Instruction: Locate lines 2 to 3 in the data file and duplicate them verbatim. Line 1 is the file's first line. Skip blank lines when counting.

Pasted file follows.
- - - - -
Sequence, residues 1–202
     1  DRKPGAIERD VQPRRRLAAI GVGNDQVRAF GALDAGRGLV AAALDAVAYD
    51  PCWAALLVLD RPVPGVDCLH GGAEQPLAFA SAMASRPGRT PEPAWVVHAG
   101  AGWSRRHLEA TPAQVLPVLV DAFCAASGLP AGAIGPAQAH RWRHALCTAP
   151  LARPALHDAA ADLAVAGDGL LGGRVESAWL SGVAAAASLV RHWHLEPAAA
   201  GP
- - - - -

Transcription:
     1  DRKPGAIERD VQPRRRLAAI GVGNDQVRAF GALDAGRGLV AAALDAVAYD
    51  PCWAALLVLD RPVPGVDCLH GGAEQPLAFA SAMASRPGRT PEPAWVVHAG